TRAVEL | Uit Klaaskreek24.8.12
Cool winds appear from the east, as I near the town of Klaaskreek. The dust has settled, and the road behind appears to have just begun. I've been traveling for a week now, and have found myself in the Brokopondo District. Immediately before, I was in an area called Abadokondre, east of the capital city, where I interviewed a host of Aukan Maroons.
In Brokopondo things were different. The water was larger, more still, and riddled in mystery. It differed from Abadokondre as there was an emphasis placed on industry--an industry that was meant to generate jobs for both men and women in this transmigration "town". This industry is ecotourism--fueled by the presence of a beach which was once haunted by ghosts of unknown origins, and is now charged my the influx of outsiders taking advantage of the serenity of Klaaskreek's Bena Strand (Beach) [started my Marlene Rantwyk of STOK].
During my interview with the local community manager, who was washing clothes throughout its entirety--her clothes, the neighbour's, her nephew's, her cousin's, and so forth--I spied a "pangi" or a Maroon traditional embroidered wrap, which I instantly fell in love with (she later presented it to me as a gift). We talked about her life in Brokopondo, her son, exes, biodiversity, ecotourism, and the likes. We had a great three hour interview/chat. I told her about the work I was doing for the UNDP, and my current life in transit. She was somewhat interested, but for the most part highly engrossed with her washing.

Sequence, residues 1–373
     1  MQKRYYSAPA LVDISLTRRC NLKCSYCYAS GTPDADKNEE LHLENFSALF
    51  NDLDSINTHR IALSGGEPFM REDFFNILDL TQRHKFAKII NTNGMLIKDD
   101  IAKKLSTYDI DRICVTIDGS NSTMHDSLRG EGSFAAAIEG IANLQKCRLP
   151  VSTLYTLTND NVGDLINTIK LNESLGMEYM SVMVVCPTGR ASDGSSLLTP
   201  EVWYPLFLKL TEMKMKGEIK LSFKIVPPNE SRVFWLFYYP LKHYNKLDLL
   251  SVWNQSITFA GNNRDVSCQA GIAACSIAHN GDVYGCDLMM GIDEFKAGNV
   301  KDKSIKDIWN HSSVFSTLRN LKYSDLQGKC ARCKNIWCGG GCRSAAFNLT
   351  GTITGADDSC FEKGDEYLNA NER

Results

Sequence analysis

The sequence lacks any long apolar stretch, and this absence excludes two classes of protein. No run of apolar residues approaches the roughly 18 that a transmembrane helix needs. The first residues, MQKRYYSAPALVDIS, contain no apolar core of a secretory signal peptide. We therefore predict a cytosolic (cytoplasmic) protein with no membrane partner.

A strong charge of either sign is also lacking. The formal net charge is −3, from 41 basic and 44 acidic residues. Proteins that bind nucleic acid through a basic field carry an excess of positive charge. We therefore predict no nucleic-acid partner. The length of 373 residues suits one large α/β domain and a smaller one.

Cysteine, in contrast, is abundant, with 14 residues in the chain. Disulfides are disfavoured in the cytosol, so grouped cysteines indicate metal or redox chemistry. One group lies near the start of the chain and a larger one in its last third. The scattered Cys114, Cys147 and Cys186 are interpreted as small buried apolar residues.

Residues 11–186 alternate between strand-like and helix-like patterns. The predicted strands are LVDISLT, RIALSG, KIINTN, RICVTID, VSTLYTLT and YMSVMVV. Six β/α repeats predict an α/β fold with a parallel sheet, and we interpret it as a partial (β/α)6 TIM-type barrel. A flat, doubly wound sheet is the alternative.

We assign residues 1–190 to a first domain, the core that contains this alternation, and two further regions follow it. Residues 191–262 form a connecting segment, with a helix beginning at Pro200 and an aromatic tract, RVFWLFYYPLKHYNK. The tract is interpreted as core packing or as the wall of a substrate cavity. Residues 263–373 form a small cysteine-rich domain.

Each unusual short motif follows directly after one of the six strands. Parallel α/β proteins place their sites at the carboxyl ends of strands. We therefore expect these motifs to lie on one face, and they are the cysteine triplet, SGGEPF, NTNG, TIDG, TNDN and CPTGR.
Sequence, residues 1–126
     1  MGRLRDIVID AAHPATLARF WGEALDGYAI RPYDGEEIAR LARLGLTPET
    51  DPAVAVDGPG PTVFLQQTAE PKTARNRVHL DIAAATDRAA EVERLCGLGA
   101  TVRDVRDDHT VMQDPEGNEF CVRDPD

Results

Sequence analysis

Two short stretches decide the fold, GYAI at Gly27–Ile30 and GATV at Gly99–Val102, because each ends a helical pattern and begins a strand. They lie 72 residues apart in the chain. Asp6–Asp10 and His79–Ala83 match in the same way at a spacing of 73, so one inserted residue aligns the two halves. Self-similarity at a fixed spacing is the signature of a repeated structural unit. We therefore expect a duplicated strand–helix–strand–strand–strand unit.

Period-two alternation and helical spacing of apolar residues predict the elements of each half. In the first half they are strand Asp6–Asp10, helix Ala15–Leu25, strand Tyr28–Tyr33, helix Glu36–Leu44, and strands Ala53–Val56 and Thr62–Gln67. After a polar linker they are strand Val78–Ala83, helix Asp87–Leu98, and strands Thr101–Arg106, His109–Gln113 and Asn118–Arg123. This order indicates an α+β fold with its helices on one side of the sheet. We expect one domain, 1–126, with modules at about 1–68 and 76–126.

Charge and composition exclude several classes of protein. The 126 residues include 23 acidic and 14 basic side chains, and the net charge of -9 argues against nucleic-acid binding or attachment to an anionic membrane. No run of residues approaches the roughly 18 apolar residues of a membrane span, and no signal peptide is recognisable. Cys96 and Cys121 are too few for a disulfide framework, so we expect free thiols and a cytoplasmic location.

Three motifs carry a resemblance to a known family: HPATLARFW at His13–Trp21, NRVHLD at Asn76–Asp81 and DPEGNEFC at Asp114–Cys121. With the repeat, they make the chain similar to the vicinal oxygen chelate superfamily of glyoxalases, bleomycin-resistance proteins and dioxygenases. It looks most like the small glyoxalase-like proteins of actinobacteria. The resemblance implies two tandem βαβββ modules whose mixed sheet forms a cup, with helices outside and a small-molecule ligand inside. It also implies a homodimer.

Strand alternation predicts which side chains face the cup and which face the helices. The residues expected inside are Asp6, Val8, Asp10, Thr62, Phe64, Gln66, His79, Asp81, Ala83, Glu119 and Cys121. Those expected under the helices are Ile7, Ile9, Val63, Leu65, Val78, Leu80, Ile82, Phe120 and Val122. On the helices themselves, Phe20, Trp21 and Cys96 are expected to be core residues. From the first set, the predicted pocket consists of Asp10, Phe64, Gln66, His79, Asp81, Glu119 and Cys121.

After that meeting I headed down to the beach to see who else I could interview, besides the tourists celebrating Eid-ul-Fitr (Islamic Holiday). There were a few. A man dressed in African garment, passed by. Blinged to the nine, I stopped him for a photo, asking if he would mind (in my non-existent Dutch). He smiled; more gold appeared. I didn't want to be too forward, so just took of his fingers instead. A ring on each one--a sign of the growing gold mining industry, both legal and illegal, that is plaguing the nation and putting pressure on the environment. He was fascinating.
Later, I was greeted again by my first interviewee. She came with a bag of Pangies for me to buy. I was conflicted between two (see Twitter Feed), but finally settled on the final image you see above. Love it.
The next morning, it was time to leave, but not before the little rubbish collectors came by as part of a waste management programme to take away the rubbish, which had previously formed large mounds of waste behind the inhabitants homes, bringing vermin and a cloud of flies.It was a pleasure to see such consciousness being expressed.FIRST OUTFIT: Shirt from PEOPLETREE | Old Jeans from a male friend | Thongs/Slippers/Flip-Flops: HAVAIANAS [A gift from my friend in Brasil] | Head Wrap: A Birthday present made for me by Emma H. from left over material from her dress.